Earlier sunsets aside, November is shaping up to be pretty spectacular in my opinion. We are in the midst of some unseasonably warm weather, and after October's snowstorm, I'm embracing it with open arms. I've been spending much of my time outdoors; lazy walks with my dog, hikes through the woods, and a visit to a nearby farm. Some of these excursions have been taking place in the city I grew up in, which lucky for me is just a short drive down the road. There's a bike path there that stretches a few miles across neighboring towns. It was my destination of choice one morning last week when temperatures started climbing. We passed rows and rows of trees with yellow leaves, laden with brown splotches, barely hanging on. Many leaves were making their spiral decent through the sunshine. This one tree in particular caught my eye.
While it's hard to compete with the autumn foliage, there's another contender that stole my heart that morning. Bittersweet vines. The trail was sprinkled with them; their vines twisting and climbing upwards, reaching for sunlight, wrapped around fences and fallen limbs. It's a show few other plants can rival this time of year. The yellow skins of the berries burst open, exposing a hidden deep orange-red gem. Never without her gardening clippers for occasions such as this, my mother, who joined me on my walk, collected the delicate vines. By the end of the walk, we had a beautiful bunch of draping bittersweet vines I plan to hang on my front door. What could be better than immersing yourself in nature and bringing a little piece of it back home? I often do the same with seashells at the beach in the summer.
My autumn delight continued with a visit to Brooksby Farm, the place where I bought our very first Christmas tree a few years back. I spent the afternoon walking the grounds and photographing farm animals basking in the sun. If you've never seen a pair of pigs ankle deep in mud, feasting on butternut squash, it's safe to say it will warm your heart a little. Although the weather might be unseasonably warm, it didn't stop us from getting our hot apple cider fix in the farm store, which just so happens to turn out the best apple cider donuts. Hands down. It's safe to say I am deeply embracing the autumn season and it's mild weather. Either that, or I'm on the brinks of an apple cider donut coma, which I'll gladly blame on the hypnotizing deep fried cinnamon smell. Inspired by my bittersweet vines and trip to the farm, I decided to turn out my own hot apple cider later that day.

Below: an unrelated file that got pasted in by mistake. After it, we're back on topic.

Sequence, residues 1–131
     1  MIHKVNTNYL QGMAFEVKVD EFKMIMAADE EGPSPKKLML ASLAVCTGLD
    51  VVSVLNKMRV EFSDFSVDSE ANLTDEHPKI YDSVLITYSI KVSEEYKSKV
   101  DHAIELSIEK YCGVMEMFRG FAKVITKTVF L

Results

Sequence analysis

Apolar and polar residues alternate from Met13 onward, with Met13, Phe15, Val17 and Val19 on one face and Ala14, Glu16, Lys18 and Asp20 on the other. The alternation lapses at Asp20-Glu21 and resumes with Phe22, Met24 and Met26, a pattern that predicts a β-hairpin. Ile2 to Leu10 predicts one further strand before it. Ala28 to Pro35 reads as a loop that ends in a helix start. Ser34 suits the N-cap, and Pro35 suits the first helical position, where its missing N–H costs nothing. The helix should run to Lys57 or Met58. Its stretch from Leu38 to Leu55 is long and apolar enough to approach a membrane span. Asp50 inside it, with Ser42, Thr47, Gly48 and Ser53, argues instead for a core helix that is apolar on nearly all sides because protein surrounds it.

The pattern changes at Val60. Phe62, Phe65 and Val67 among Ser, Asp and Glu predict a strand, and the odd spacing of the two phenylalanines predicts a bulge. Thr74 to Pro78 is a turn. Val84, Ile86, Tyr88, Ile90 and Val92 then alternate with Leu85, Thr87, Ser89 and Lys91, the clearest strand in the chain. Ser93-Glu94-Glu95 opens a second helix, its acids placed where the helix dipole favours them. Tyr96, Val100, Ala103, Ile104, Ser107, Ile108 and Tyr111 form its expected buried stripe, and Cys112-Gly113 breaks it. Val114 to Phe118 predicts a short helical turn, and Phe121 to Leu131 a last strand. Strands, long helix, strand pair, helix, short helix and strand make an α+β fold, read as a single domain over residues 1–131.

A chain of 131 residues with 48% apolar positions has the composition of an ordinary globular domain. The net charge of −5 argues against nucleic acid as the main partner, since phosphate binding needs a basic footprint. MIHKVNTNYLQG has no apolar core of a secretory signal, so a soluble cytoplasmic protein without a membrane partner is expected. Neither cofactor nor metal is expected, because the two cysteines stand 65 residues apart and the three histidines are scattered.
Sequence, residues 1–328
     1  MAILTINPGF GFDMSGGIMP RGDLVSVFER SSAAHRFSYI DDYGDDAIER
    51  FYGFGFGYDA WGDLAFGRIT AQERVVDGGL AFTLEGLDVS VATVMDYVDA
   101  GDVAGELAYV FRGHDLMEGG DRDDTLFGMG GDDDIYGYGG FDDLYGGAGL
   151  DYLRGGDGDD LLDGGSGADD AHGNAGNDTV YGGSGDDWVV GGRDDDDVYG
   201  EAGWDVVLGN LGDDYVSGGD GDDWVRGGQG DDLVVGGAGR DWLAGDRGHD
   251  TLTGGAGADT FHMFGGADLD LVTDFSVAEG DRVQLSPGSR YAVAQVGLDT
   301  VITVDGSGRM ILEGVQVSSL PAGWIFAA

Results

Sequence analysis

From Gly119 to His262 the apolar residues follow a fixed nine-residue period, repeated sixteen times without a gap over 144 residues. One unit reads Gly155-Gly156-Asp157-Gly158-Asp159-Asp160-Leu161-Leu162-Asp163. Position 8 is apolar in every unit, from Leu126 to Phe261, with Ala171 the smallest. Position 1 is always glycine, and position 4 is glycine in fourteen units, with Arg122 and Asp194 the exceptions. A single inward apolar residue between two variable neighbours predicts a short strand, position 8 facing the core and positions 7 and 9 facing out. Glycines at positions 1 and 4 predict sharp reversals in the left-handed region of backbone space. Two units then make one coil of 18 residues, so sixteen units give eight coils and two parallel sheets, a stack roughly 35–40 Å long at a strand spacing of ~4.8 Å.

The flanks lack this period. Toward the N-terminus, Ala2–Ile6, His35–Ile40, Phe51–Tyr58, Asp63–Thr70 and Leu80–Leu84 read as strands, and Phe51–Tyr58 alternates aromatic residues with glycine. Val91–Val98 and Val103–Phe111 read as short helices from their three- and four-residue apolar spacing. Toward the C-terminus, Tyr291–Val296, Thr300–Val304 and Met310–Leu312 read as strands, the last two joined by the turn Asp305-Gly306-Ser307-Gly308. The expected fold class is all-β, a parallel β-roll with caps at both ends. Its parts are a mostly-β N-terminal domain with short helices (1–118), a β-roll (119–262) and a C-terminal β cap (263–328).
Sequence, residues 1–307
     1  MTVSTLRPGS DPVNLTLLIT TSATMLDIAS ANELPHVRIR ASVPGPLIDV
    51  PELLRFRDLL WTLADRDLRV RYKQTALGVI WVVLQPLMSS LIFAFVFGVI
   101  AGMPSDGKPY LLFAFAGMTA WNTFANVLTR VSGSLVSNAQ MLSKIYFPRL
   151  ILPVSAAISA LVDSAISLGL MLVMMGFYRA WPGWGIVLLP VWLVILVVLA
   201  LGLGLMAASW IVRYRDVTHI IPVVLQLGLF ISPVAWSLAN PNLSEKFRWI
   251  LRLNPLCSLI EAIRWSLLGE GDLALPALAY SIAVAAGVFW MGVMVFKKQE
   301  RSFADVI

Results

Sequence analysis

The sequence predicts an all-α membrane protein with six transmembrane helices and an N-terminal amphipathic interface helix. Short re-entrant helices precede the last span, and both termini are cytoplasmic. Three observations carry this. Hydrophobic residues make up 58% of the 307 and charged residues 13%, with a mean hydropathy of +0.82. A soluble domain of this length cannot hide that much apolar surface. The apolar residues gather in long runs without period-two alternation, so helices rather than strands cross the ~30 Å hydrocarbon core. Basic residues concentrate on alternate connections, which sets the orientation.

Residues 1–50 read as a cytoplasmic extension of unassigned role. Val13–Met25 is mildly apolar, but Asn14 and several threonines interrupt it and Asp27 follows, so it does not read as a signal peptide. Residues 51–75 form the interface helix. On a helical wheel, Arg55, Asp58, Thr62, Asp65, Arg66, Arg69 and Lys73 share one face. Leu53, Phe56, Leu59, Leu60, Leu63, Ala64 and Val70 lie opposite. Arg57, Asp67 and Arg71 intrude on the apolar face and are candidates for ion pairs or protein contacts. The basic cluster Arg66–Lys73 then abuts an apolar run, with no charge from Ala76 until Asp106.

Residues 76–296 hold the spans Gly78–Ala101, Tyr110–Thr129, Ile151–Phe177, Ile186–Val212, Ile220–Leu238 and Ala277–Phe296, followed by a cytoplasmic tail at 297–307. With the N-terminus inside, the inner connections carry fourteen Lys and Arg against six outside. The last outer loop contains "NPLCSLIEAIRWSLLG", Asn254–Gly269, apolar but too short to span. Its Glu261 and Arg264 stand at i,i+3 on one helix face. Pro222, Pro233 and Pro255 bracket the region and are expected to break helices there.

My mother used to make something similar to this recipe when we were growing up. I can't recall it's exact ingredients, but this is my take on it. It's spiked with cinnamon sticks, cloves, and orange and lemon slices. She'd keep a pot of this on the stove around the holidays and serve it to anyone who stopped by; family, friends, neighbors. It was always served in Irish coffee mugs and garnished with cinnamon sticks. I've done the same. If you're hosting Thanksgiving this year, why not welcome guests into your home with a warm mug of this? And lucky for you, it also doubles as instant kitchen fragrance. I made another quick batch of these to go along with my cup that afternoon, something else I can't seem to get enough of at the moment. Get a pot of this going and embrace the season before it comes to a bittersweet close.
~Hot Apple Cider Recipe~
1/2 gallon apple cider
3 orange slices
4 lemon slices
2 cinnamon sticks, plus additional for garnishing
pinch of nutmeg
Pour apple cider into a large saucepan. Push cloves into the center of each orange slice. Add into the pan, along with lemon slices, cinnamon sticks, and nutmeg. Bring the cider up to medium heat, but do not let it boil. It will take about 5-6 minutes to get it going. Reduce heat and let it simmer for at least 30 minutes. You can also leave the cider on low until you are ready to serve. Discard the fruit slices. Ladle into mugs and serve with a cinnamon stick and garnish with extra orange or lemon slices. Serves 8.